New York Times — “Natural History Museum’s Expansion: Part Dr. Seuss, Part Jurassic Park”

November 5, 2015

“The American Museum of Natural History recently came out with some good news—a museum expansion that for once seems as if it could work.

A year ago, the museum announced plans for the $325 million, 218,000-square-foot Richard Gilder Center for Science, Education and Innovation. Jeanne Gang, founder of Studio Gang, the high-profile Chicago-based firm, won a competition to design it. She teamed with Reed Hilderbrand, the landscape architects from Cambridge, Mass. ...

Well, now we know more or less what the actual project looks like. It bids to be the city’s next architectural spectacle.

The museum’s trustees approved a conceptual design on Wednesday and released drawings and renderings. The project promises much more room for education, exhibitions, laboratories, the library, open storage and a live butterfly conservatory. It includes a new theater devoted to invisible worlds—meaning microscopic creatures, the human brain, the ocean depths and the edge of the universe. The proposed center also solves humdrum but critical layout problems, integrating dead-end galleries and bringing public spaces, classrooms and research together in a single, soaring, canyonlike, central hall, behind an undulating stone-and-glass facade.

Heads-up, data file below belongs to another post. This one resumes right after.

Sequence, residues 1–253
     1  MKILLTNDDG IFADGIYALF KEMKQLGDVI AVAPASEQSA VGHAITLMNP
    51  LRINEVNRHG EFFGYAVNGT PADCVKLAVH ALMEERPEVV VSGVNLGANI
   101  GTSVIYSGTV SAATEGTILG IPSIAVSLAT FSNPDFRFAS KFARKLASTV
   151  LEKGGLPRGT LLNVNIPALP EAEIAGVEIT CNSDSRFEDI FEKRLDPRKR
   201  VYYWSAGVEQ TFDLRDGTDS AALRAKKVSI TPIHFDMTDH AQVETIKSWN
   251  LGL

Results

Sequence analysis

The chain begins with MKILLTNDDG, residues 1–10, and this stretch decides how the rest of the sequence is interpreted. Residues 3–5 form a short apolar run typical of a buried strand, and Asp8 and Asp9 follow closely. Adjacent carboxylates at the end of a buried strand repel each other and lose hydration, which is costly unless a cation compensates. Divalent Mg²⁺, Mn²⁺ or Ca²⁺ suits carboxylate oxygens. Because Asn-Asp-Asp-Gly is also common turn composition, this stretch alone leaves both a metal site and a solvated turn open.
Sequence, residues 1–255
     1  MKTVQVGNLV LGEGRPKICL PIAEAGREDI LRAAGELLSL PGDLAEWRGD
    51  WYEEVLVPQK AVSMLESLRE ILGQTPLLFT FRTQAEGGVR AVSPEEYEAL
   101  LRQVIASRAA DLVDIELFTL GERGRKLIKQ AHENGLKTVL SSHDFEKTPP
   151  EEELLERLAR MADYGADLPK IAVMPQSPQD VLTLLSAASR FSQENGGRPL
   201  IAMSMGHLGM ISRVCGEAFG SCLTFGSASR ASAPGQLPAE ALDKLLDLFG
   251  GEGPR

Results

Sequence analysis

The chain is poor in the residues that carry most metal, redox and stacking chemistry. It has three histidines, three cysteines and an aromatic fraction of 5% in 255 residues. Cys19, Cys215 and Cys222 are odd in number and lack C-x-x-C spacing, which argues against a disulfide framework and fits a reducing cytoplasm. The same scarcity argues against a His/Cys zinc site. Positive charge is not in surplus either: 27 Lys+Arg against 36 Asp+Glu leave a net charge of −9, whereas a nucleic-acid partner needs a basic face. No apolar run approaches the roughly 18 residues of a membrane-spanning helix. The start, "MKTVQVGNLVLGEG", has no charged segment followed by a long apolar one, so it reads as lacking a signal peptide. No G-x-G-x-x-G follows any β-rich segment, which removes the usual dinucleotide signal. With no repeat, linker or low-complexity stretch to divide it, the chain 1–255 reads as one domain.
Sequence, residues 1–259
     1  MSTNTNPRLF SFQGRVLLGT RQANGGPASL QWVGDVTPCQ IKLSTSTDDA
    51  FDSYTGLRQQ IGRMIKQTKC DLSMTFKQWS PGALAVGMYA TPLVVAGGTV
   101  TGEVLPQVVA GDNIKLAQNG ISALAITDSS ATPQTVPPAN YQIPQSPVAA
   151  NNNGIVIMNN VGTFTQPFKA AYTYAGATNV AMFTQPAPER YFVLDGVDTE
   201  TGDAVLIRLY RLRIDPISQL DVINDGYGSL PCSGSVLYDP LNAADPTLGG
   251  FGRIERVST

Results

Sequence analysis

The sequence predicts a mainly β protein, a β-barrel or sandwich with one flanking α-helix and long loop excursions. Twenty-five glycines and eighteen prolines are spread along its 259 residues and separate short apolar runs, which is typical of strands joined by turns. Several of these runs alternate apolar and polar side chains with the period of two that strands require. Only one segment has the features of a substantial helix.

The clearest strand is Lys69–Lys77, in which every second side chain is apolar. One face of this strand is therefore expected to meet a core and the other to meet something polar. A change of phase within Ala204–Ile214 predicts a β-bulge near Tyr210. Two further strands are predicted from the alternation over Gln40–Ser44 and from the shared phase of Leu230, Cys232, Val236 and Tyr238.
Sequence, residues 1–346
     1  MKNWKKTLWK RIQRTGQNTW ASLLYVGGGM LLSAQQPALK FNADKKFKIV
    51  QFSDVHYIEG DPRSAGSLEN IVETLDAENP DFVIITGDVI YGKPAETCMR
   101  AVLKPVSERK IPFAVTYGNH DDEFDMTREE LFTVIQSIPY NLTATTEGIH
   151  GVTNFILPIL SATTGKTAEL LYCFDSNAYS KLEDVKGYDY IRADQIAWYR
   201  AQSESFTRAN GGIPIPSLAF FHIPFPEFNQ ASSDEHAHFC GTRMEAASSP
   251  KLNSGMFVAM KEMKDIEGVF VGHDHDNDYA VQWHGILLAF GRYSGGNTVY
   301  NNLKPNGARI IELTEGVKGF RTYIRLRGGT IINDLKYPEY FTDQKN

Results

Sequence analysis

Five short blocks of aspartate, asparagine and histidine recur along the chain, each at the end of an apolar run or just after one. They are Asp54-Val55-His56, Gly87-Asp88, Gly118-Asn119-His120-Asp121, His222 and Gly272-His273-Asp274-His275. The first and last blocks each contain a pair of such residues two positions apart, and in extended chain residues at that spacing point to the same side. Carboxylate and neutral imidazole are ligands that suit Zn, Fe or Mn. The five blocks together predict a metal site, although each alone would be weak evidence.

That’s the big move. With reinforced-concrete arches and balconies shaped like immense rocky outcroppings or glacial formations, the hall vies with the Theodore Roosevelt Rotunda, the museum’s towering entrance on the opposite side of the campus. It’s part Dr. Seuss, part Jurassic Park, part parametric extravaganza, adding a kind of naturalism to abstract, airborne forms associated with contemporary architecture at its most theatrical. ...

And there’s function to the form. This is a museum in the business of wonderment and awe. A half-million schoolchildren visit each year. The institution trains thousands of teachers. It dispenses advanced degrees in science education and comparative biology. Ellen V. Futter, the president of the museum, talks about an urgent need to kindle children’s curiosity and develop a more science-literate public. This is not spin. An informed electorate and healthier environment depend on broadening public understanding of science, engineering and technology.

What the center doesn’t do is occupy nearly as much parkland as critics feared. Mindful of neighborhood concerns, the museum clearly pulled the project back as much as possible from the park, consolidating on its existing footprint by knocking down three of its own buildings, claiming only 11,600 square feet, or a quarter acre, of parkland.”

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American Museum of Natural History Gilder Center